Photo: Michael Nagel for New York Times“Jobs are disappearing. Mortgage payments are looming. Change is everywhere, but your dog remains steadfast. So, why not spend some time together?” asks a Manhattan teacher.

Sure. It’s the most natural thing in the world: take your dog for a walk and forget your troubles. Except that in this instance the lady does not mean walk, or run, the dog. She means take him to yoga class and bond with him through meditative bends and stretches or just by lying doggo on a mat. Do have a look at the slide show on the New York Times page.

It’s the sort of fad we’ve learned to expect among childless Japanese career women, but doga is catching on in American cities too — perhaps for the same reason. Kari Harendorf, quoted above, teaches doga not because dogs need it but because “your dog needs your attention, and bonding with your pet is good for your health”. She says it reduces stress hormones and blood pressure. Oh, and it pays the instructor $15 to $25 a class.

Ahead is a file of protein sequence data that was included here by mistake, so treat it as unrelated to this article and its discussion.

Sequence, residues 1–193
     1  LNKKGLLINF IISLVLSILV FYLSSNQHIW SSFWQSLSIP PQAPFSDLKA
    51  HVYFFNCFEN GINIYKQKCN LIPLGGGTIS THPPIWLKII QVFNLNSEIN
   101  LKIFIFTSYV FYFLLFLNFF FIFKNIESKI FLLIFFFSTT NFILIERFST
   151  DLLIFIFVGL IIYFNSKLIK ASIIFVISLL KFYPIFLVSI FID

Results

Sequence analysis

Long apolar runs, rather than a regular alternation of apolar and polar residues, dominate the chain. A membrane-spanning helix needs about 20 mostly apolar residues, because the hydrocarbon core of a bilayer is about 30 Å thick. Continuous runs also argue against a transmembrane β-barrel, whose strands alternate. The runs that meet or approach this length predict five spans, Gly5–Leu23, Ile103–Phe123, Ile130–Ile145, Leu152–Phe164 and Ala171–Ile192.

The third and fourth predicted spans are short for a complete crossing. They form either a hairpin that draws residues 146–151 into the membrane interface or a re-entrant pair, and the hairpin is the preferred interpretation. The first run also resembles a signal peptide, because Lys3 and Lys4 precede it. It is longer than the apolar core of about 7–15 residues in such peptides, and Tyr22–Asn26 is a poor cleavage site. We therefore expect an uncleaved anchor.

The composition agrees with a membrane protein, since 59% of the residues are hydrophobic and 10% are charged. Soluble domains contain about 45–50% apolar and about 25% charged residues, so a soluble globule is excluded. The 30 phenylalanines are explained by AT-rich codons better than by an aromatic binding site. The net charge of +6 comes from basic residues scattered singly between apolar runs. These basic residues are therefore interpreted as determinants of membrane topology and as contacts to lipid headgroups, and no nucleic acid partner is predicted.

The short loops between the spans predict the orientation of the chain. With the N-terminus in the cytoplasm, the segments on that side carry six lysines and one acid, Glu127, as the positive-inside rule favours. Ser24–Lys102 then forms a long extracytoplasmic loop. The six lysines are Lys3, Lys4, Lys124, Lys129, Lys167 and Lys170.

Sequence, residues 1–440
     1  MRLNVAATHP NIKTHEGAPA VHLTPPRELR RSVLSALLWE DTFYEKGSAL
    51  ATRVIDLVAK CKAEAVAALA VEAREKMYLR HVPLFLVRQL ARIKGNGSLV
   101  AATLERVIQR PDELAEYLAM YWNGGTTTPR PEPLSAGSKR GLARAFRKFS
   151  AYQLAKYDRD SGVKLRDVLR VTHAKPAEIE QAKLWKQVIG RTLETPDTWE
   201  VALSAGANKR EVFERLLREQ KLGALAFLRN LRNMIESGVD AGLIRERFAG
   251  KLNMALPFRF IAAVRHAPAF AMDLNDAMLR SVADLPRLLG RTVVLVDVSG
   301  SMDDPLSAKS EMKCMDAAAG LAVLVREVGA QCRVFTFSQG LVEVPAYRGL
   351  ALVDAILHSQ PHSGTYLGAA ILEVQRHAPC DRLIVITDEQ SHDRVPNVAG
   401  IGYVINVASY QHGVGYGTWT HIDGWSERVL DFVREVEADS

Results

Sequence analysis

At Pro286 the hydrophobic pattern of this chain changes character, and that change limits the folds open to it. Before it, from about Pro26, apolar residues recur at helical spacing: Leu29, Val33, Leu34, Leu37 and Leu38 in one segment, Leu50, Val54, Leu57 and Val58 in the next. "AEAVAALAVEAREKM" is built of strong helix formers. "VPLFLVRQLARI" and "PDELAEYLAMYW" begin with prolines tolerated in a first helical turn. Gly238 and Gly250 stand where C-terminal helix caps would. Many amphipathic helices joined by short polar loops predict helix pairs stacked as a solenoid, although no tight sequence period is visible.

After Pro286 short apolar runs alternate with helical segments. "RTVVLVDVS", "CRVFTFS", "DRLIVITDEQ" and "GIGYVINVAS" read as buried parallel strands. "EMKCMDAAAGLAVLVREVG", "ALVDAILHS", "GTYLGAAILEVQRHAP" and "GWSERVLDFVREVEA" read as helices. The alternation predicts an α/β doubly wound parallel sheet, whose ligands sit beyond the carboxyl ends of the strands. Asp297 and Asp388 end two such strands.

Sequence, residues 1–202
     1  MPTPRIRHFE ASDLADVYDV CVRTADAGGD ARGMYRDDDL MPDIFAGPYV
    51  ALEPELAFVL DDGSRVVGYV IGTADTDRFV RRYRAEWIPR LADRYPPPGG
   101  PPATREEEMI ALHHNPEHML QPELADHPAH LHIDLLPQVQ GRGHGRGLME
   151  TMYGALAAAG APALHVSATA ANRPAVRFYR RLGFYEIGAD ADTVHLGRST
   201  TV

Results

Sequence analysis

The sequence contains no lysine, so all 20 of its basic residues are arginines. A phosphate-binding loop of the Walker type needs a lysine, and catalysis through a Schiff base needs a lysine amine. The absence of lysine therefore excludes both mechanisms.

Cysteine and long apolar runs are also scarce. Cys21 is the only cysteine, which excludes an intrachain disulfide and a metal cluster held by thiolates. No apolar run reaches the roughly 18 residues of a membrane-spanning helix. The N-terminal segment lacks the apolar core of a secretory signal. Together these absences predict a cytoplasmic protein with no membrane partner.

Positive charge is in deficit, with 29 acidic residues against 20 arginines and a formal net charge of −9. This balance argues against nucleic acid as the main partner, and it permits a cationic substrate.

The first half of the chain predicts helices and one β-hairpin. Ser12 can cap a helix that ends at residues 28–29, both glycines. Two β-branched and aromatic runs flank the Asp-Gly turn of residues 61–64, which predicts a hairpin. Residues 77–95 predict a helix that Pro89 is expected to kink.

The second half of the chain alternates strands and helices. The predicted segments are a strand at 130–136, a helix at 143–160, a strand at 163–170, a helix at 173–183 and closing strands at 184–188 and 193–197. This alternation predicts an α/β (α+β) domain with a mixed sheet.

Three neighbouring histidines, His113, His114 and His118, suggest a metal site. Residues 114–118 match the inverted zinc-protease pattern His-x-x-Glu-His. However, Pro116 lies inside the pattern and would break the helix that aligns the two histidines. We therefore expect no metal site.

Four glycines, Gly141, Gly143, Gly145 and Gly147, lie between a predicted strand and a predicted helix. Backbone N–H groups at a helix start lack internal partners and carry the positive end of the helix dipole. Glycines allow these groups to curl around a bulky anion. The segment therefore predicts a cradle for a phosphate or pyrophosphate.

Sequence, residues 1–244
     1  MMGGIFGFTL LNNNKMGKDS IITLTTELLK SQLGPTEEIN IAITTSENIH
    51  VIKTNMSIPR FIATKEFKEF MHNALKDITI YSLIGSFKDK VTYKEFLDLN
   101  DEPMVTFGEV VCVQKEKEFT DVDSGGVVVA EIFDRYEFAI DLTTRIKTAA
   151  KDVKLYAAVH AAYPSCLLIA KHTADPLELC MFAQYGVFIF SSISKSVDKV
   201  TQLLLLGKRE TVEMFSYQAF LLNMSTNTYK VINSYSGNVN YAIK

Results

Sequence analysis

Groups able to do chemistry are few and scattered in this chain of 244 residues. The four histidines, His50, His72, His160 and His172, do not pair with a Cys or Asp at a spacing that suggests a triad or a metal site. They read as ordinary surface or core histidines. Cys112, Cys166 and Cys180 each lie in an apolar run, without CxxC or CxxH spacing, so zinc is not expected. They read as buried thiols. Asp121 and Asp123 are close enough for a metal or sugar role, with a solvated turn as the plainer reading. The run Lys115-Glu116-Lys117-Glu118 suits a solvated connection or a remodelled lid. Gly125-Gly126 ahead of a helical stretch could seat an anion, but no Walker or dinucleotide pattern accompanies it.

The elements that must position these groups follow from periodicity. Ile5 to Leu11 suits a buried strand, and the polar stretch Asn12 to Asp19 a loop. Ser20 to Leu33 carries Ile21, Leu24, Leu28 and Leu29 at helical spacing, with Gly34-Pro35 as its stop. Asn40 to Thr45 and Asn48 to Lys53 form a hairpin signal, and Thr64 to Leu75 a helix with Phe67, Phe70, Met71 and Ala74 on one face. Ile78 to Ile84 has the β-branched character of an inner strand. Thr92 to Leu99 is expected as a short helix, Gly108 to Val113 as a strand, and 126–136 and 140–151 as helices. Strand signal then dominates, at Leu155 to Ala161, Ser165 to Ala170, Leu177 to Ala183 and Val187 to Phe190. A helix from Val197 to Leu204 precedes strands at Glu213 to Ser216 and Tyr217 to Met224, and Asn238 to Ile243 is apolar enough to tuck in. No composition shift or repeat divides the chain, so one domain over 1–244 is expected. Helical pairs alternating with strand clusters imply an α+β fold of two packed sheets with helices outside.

Inevitably, someone has written a book about it. Brenda Bryan, a yoga and doga teacher in Seattle, finds that her loosely structured classes are filled with humour — “laughing is spiritual,” she says. In one of her early classes there was a dog that just didn’t get it; it kept barking. She got past the point of wanting to strangle him and laughed it off; the dog was having the best time of his life.

Not everyone is smiling at the new trend. “Doga runs the risk of trivialising a 2,500-year-old practice into a fad,” thunders an experienced yoga instructor. “To live in harmony with all beings, including dogs, is a truly yogic principle. But yoga classes may not be the most appropriate way to express this.”

Maybe. But health insurers are beginning to offer cover for pets, so why not dignify your pooch a little further and offer him a dash of spirituality with his exercise? ~ New York Times, April 9

Carolyn Moynihan

Carolyn Moynihan is the former deputy editor of MercatorNet